It seems if the bombs start falling, and God forbid anything happens in Korea, that would put major hurt on UA and U, and obviously AA and many others would likely be eyeing BK court fairly seriously. However, in this climate, if most carriers are in or about to go into BK court, do you think there is sufficient financing available out there to provide sufficient DIP to get through the process? Since all the airline assests are so badly leveraged, I am not totally sure how workable DIP terms would be readily available in case of a rush to court, which sadly it looks like AA is poised to go with its current cash burn rate and apparently tepid response from the unions.

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[/blockquote]


Any initial filing will be Chapt 11. After that is anyone's guess.

As far as labor's "tepid" response, please keep in mind that until last week, Management had not yet presented a cost target to the various unions. AMR still has not yet presented a plan to reach those numbers. You can't be tepid to something that you haven't seen yet.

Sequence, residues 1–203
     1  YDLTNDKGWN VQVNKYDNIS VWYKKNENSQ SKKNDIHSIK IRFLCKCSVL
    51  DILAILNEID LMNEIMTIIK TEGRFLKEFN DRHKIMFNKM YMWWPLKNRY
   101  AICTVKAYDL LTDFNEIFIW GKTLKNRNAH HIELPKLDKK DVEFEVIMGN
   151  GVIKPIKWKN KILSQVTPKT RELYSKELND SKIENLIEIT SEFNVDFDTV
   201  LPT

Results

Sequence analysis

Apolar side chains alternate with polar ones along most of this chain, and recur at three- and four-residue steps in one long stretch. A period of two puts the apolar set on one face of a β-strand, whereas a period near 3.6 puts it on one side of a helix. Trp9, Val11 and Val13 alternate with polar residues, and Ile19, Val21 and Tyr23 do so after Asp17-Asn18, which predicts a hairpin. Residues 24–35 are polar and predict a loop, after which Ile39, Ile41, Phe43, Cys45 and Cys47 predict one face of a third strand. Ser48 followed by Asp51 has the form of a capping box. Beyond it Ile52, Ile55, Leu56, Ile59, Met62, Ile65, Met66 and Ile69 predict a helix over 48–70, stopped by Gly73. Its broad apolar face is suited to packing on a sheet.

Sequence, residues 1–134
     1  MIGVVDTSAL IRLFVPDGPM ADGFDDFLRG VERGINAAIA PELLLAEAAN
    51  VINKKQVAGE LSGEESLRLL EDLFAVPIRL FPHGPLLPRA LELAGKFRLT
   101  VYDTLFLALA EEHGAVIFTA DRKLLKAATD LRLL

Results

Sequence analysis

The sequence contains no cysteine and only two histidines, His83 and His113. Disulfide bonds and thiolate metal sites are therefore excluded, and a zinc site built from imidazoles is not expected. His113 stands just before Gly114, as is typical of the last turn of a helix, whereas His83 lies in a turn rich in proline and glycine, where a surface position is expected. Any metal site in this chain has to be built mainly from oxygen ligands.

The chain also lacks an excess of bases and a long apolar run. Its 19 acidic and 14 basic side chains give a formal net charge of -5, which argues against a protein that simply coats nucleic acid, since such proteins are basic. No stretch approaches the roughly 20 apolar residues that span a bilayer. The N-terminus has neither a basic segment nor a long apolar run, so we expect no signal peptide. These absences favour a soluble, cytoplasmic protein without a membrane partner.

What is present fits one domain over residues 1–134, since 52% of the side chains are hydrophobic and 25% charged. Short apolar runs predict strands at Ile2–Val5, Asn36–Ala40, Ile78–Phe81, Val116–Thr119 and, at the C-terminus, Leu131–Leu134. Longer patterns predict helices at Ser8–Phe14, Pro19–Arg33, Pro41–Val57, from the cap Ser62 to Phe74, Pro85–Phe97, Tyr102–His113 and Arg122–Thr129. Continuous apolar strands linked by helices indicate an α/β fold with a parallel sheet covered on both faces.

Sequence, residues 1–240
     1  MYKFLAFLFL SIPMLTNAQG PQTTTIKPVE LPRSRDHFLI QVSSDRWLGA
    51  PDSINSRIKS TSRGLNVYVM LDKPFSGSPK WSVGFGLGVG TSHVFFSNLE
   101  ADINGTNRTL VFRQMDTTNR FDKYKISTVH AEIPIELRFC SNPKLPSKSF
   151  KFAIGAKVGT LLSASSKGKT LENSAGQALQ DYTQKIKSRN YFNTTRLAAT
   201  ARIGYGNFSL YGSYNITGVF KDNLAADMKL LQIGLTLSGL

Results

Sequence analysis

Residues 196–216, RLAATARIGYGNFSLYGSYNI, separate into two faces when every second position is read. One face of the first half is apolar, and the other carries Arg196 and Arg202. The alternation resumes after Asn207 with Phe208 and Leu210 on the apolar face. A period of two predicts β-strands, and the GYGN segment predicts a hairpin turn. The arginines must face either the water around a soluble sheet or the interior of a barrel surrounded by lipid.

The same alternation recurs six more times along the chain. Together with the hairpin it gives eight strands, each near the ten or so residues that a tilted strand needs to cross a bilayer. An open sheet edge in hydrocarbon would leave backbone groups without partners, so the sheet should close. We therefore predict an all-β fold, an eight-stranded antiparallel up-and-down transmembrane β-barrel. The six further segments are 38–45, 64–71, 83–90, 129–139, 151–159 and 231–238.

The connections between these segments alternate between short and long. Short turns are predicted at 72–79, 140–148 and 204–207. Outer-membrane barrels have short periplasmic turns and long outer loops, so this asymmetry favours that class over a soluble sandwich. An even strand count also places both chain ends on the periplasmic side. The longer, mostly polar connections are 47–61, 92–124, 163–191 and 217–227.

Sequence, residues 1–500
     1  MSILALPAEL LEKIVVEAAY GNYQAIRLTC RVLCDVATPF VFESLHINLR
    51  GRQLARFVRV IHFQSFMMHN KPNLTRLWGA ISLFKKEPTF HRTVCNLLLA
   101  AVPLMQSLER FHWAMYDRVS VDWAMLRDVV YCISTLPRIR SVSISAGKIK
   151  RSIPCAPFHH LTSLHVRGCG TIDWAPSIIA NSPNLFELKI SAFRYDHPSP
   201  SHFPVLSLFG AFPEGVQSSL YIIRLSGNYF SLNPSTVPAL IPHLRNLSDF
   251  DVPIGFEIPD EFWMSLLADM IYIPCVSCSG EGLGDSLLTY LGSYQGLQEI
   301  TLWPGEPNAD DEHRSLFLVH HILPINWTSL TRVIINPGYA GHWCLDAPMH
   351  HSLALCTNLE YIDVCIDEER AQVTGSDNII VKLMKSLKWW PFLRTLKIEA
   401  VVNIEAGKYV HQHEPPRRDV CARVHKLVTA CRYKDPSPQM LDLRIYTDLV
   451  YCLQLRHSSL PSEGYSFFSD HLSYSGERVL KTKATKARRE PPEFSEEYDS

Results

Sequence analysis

Andy S.
 

AV8NSIGO

Member
Aug 29, 2002
25
0
I don't know that this article will shed any light on the issue.

In a late December, 2002 issue of Business Week, an article (printed as an open letter) indicated there was a greater possibility of UAL liquidating through Chpt. 7 than USAirways doing so. I don't know the author, or anything about his/her credibility.

It did make for interesting reading. The author's premise was that USAirways dealt with high overhead for a longer period of time and the employees knew it. When Siegel approached them for pay/benefit concessions, they already knew he was coming and wondered what took him so long.

Another factor was the presence of the Alabama Retirement/Pension (I don't remember the exact name) Fund. They were able to force a change of mind at both groups (management & labor).